The seven new paintings in Bill Saylor’s “Shadow Ballers” present an aquatic world in crisis. Themes of ecological damage are underscored by a chaotic mix of artistic methods: rough depictions of marine life mingle with various modes of abstraction and graffitilike text. Plexus (2016) features two playfully rendered squids navigating an environment fraught with debris and toxic sludge. Environmental threat manifests here as a skull-headed mutant pursuing the sea creatures. Also on view are drawings and sculptures, and their motifs echo those of the paintings. In Blizzard Wizzard (2016), the form of a coral reef emerges from an assemblage of mass-produced objects covered in plaster, while in the drawings, frenetically applied markings encroach on squids and schools of fish. In every medium, the diversity of styles and materials suggest that the means of visual representation available to artists have become as polluted as the fluorescent waters depicted in the works. All this adds up to the ominous possibility that the fantastical world of “Shadow Ballers” is only several degrees different from our own. —Kate Moger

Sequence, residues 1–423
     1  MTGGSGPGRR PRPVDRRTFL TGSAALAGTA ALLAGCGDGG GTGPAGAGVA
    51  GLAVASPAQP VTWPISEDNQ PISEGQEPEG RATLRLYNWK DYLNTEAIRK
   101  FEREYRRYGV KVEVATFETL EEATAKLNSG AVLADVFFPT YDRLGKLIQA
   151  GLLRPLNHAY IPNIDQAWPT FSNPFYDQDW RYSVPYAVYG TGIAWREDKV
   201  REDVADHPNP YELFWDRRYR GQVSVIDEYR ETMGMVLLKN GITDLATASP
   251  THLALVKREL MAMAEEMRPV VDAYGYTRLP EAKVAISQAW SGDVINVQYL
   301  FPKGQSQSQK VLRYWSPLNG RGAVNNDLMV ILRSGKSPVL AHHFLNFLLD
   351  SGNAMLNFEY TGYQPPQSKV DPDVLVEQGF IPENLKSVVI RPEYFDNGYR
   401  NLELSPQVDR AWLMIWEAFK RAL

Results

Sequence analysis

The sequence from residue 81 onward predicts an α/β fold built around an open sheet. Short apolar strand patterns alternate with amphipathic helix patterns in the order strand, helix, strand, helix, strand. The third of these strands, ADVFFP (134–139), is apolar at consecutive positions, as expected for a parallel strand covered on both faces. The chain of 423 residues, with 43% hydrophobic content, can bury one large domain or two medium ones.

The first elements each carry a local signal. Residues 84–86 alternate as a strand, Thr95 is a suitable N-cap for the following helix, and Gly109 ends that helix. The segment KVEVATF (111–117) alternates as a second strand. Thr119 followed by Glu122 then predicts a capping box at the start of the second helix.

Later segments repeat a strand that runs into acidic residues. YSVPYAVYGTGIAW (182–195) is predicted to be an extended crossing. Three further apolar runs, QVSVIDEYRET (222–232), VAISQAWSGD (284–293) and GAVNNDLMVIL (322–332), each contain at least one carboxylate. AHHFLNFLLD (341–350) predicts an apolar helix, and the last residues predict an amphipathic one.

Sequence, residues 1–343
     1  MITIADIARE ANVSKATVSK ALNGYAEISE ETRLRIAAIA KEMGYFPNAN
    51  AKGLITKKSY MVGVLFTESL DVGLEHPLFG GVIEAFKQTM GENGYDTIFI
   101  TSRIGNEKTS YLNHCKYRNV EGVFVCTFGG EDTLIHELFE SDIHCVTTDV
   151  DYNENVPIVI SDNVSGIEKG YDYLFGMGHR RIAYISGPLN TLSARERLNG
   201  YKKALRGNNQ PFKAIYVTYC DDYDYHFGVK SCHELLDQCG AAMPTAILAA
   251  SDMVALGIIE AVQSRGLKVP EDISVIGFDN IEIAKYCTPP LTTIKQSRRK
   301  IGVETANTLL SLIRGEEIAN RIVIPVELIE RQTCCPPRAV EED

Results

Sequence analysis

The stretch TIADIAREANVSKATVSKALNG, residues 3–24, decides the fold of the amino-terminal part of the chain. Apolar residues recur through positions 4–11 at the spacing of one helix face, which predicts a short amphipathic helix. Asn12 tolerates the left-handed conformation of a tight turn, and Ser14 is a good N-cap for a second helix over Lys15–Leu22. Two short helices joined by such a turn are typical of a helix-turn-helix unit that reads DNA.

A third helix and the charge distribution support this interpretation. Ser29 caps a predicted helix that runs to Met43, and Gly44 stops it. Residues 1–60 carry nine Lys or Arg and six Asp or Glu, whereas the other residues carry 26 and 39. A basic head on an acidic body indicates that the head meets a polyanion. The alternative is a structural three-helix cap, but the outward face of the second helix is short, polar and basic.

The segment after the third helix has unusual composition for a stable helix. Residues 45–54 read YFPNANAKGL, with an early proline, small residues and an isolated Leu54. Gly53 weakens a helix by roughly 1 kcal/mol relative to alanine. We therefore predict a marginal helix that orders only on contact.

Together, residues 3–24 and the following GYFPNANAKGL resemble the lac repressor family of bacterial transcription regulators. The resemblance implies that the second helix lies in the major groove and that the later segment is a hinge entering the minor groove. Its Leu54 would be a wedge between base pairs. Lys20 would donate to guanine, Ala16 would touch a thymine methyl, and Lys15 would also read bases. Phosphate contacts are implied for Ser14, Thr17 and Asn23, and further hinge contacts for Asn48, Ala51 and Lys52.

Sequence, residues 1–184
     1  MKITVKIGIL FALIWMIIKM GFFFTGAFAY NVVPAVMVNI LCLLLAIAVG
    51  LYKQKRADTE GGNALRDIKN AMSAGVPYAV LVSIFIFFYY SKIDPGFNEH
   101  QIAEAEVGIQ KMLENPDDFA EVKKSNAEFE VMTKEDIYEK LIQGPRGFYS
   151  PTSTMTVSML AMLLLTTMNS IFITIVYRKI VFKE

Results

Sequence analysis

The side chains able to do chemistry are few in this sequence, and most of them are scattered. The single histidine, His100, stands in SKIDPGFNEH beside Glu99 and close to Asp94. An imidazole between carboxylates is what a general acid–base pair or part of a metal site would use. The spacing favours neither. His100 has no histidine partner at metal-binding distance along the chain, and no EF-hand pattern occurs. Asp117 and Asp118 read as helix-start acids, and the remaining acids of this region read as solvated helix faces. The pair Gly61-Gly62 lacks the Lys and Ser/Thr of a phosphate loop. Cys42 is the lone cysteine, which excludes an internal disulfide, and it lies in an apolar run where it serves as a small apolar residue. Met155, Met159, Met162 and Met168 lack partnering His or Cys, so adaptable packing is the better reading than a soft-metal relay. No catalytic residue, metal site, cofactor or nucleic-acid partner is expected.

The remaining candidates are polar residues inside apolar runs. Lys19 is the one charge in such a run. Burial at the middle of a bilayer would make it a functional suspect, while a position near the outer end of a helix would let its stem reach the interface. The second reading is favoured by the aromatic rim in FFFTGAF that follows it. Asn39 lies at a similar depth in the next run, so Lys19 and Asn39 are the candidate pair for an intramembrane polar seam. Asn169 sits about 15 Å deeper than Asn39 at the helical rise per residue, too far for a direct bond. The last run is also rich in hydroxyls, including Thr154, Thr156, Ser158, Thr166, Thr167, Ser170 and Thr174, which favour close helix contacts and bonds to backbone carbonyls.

Pictured: Bill Saylor: Humboldt Hangout, 2017, oil on hemp, 84 by 64 by 1½ inches. Courtesy Magenta Plains, New York.